We must mind our language when it comes to evil fanatics
Readers have inquired about the use of language in reports of the horrific massacres in Paris. Not particularly just in the Belfast Telegraph, but in the media generally.
The overwhelming use of language was sympathetic while at the same time being appropriate to the horrific drama. But there were some words used - often by the French authorities - which caused readers to pause and reflect.
Take, for example, the use of the world "professional". This was used in many media outlets, not least after being used by Jean-Michel Fauvergue, the leader of the French raid police unit.
Mr Fauvergue said: "We were subjected to heavy fire, with real professionals facing us. They were shooting in bursts, or in single shots, in turn, so that their fire didn't stop.
"This also allowed them to save their ammunition. They were super-motivated. This first phase lasted more than half-an-hour. Grenades were thrown at our feet. These caused numerous wounds to the arms and legs of the raid commandos."
Let's dissect this for a moment. "Real professionals"? Any idiot who's played Call Of Duty on the Xbox knows to fire in bursts to conserve ammo and to aim grenades low to get under armoured shields.
That's not professionalism, it's computer game amateurism beefed up with a little Daesh field training.
"Super-motivated?" Super-brainwashed more like. The human mind is capable of incredible things, but Isis is a death cult and its devotees can't think for themselves; they are myth-swallowers.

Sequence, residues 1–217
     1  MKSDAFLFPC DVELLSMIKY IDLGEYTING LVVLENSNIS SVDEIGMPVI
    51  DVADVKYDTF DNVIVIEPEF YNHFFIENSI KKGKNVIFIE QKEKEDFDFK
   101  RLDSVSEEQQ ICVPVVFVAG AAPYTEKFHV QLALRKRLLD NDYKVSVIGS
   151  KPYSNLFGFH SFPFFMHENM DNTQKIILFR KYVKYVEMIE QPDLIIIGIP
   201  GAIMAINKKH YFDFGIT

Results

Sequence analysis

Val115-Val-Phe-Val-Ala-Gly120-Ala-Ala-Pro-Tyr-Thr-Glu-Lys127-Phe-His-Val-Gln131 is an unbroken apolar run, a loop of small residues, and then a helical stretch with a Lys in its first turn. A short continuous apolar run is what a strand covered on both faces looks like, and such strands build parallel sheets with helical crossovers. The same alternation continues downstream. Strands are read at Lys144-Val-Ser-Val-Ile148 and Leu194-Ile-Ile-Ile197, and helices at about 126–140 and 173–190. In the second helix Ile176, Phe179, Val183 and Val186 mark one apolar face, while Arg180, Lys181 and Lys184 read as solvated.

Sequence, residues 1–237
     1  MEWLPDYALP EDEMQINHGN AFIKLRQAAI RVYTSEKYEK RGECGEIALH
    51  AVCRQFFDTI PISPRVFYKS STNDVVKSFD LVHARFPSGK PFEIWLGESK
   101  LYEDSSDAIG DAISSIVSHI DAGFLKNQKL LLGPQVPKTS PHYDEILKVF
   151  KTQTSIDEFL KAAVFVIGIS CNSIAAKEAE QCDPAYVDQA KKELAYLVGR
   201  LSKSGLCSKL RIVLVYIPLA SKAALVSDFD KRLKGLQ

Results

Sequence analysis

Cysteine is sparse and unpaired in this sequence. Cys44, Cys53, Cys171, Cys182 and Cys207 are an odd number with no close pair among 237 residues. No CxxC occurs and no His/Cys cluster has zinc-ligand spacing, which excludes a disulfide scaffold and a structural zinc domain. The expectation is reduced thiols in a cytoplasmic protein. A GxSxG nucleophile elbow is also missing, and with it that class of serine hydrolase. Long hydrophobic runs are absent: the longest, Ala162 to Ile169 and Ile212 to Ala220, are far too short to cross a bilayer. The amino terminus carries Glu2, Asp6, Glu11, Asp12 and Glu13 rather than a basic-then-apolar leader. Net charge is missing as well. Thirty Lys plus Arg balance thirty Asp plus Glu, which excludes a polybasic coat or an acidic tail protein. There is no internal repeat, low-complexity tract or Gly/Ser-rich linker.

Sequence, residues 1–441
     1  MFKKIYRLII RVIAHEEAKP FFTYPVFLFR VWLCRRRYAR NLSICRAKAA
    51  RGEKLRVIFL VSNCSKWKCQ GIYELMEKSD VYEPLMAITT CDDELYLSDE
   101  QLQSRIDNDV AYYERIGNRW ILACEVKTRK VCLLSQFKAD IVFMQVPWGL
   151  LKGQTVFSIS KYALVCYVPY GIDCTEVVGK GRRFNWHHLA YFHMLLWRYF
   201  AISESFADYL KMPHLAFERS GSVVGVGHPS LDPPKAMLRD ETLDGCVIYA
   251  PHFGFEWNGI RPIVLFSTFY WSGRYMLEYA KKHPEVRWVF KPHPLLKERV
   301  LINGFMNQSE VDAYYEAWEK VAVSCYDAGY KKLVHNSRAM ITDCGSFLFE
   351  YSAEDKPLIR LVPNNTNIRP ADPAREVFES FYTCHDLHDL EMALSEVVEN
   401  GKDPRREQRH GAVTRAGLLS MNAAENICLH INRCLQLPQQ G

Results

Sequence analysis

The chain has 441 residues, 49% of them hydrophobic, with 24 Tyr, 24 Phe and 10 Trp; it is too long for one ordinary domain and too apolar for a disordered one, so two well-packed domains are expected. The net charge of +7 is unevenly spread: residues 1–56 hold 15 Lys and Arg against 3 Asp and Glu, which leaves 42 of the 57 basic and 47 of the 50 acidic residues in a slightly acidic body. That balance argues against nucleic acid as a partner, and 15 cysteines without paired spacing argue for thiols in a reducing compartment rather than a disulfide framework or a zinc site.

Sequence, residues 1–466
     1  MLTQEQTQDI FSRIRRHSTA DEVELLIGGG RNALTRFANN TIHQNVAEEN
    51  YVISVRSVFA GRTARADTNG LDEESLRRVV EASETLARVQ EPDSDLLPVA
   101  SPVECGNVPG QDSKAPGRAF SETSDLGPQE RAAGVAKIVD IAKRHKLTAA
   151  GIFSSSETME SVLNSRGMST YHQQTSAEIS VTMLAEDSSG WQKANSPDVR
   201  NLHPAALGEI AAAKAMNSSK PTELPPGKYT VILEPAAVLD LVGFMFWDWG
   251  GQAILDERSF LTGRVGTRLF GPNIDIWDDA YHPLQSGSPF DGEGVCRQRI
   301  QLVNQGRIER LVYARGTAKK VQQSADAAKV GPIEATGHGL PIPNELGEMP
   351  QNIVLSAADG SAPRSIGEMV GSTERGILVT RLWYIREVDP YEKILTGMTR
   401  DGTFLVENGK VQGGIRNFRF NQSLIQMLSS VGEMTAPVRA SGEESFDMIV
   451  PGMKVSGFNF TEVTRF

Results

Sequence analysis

The media aped the unfortunate French police habit of calling each unit a "team". That unsettles me; a team is primarily used to define sporting units. In Northern Ireland we have a long-standing if unofficial practice of describing terrorist units as "gangs".
Personally, I prefer "death squads", which for some right-on reason is generally applied by the media to right-wing terror but should of course be applied across the board: left, right and Islamo-fascist.
Mr Fauverge is a policeman, not a wordsmith or a propagandist. He spoke not long after the drama and we can understand his lapses. But future police media training might include some media psychology.
In case you're wondering, I'm not alone in this. Venerable BBC security correspondent Frank Gardiner, crippled by an al-Qaida death squad in Saudi Arabia, commented on the BBC's use of the word "mastermind" to describe Abdelhamid Abaaoud.
"It bigs somebody up into being someone terribly clever or big or important, whereas this guy was a psychopathic mass murderer and the world is better off with him gone. Most Muslims... will celebrate the fact that he is no longer around," he rightly said.
"Ringleader" would be a better noun. Mastermind to me suggests a James Bond genius in a cave bringing the world to its knees with the genius of his plot. Not a brain-dead fanatic with a suicide vest.
At the end of the day, language matters. In Northern Ireland we have seen the dangerous power of the communal myth, the lethal delusions of victimhood - not least that people can starve themselves to death for two months, which is as strong a form of extremism as mass murder.
The Isis death squads are not professional, team-like, highly-motivated masterminds. They are sad, demented, brainwashed amateurs in the grip of pathetic, childish victim-myths.
We should not assist them by using their language, by playing their game.